Claudio Saputelli, head of global real estate at UBS Wealth Management, says improving economic sentiment, growing incomes and cheap borrowing have driven demand for urban housing.
"As supply is always a constraint in the most appealing cities, soaring prices are the consequence. Inexpensive financing and bullish expectations have caused valuations to skyrocket and encouraged bubble risks to grow,” he says.
The bubble has also been driven by the "superstar city" narrative, he says, as global money pours in and local prices decouple from rents, incomes and national price levels.
Mr Saputelli says the surge in international demand, especially from China, has crowded out local buyers. “Average price growth of almost 20 per cent in the last three years has confirmed the expectations of even the most optimistic investors. This thesis has helped fuel overvaluation and even bubble risks.”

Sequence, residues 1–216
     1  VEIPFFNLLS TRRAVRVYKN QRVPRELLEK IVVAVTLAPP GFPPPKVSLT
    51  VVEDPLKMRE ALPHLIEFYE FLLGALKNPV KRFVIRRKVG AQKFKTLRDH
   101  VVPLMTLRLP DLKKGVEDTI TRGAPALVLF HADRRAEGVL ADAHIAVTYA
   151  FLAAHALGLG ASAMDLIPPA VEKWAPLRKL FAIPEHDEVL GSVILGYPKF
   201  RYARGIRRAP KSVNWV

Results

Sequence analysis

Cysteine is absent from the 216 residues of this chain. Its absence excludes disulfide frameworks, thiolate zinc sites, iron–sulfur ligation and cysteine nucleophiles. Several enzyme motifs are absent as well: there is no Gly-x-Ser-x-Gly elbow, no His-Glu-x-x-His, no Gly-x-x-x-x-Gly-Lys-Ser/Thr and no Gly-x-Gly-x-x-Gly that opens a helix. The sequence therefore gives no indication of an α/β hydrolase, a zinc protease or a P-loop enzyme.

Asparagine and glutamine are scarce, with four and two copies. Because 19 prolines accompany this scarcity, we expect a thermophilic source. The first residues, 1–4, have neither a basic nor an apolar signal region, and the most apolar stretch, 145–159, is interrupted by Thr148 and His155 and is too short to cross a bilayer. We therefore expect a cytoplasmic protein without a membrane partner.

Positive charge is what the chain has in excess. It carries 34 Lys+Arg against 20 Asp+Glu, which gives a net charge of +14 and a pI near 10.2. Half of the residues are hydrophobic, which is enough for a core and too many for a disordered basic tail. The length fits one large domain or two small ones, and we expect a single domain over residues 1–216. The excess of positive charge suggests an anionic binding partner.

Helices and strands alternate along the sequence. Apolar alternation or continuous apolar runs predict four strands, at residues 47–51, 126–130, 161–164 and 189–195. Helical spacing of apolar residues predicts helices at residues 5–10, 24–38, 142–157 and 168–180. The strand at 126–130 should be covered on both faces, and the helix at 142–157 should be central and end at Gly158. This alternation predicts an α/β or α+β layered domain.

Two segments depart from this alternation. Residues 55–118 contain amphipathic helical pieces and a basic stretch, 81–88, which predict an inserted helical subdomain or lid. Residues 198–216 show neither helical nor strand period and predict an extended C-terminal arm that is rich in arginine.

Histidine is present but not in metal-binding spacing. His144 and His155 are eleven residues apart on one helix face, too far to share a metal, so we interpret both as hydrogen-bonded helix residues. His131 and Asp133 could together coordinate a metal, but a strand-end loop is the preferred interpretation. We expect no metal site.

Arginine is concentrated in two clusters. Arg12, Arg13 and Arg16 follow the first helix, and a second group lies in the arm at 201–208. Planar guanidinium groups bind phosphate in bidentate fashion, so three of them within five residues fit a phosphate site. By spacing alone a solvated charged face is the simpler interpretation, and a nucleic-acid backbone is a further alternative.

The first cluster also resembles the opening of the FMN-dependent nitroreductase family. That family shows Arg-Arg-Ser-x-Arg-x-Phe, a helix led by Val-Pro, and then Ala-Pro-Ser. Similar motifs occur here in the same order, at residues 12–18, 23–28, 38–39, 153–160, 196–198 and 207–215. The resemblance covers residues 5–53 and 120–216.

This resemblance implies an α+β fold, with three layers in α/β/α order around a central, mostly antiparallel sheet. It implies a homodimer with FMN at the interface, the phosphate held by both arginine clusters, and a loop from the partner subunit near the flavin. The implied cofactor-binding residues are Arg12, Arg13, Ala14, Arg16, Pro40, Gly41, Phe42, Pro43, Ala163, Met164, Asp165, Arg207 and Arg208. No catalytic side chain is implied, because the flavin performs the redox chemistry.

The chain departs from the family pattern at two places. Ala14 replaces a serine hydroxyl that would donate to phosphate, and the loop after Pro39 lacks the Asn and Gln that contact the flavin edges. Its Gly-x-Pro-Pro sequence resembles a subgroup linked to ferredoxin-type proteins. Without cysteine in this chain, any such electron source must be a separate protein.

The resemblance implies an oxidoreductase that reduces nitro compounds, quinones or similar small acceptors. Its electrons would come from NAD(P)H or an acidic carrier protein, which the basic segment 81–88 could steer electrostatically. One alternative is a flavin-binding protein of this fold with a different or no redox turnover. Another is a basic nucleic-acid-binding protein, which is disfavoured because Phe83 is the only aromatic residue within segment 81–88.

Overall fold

Bubble or no bubble?
So are we facing the long-feared bursting of the property bubble? Paul Tostevin, associate director at property specialists Savills World Research, is sceptical.
He says local incomes are no guide to affordability in major world cities that suck in cash-rich international investors. “There is no direct relationship between local incomes, borrowing, interest rates and values.”
Analysis from Savills suggests that most prime housing values remain justified when compared to the price of alternative assets, in historic terms. “Taking gold as a benchmark, major world centres including London, New York and even Hong Kong are still well below their former peak-equivalent pricing in gold,” Mr Tostevin says.